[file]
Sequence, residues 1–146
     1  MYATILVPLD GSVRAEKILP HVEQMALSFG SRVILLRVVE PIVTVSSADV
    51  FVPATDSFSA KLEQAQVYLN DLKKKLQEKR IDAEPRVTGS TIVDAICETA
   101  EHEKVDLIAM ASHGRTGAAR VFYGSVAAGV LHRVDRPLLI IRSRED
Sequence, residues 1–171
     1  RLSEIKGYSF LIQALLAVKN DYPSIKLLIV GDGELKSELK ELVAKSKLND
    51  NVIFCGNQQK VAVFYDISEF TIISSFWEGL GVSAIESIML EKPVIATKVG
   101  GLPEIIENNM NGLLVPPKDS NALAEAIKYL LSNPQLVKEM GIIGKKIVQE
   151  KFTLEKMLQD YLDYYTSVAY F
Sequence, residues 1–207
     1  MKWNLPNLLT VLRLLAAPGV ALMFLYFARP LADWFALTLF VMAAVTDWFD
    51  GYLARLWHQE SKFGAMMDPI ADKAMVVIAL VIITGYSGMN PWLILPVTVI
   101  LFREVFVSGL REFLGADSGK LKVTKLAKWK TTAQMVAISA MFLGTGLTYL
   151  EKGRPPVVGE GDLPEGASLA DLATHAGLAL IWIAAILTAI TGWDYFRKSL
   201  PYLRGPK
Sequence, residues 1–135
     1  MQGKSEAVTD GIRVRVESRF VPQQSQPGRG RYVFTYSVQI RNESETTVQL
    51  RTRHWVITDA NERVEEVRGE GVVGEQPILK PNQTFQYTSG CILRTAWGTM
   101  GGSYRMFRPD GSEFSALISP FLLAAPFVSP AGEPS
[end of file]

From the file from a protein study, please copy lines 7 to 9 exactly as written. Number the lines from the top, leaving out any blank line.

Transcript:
    51  NVIFCGNQQK VAVFYDISEF TIISSFWEGL GVSAIESIML EKPVIATKVG
   101  GLPEIIENNM NGLLVPPKDS NALAEAIKYL LSNPQLVKEM GIIGKKIVQE
   151  KFTLEKMLQD YLDYYTSVAY F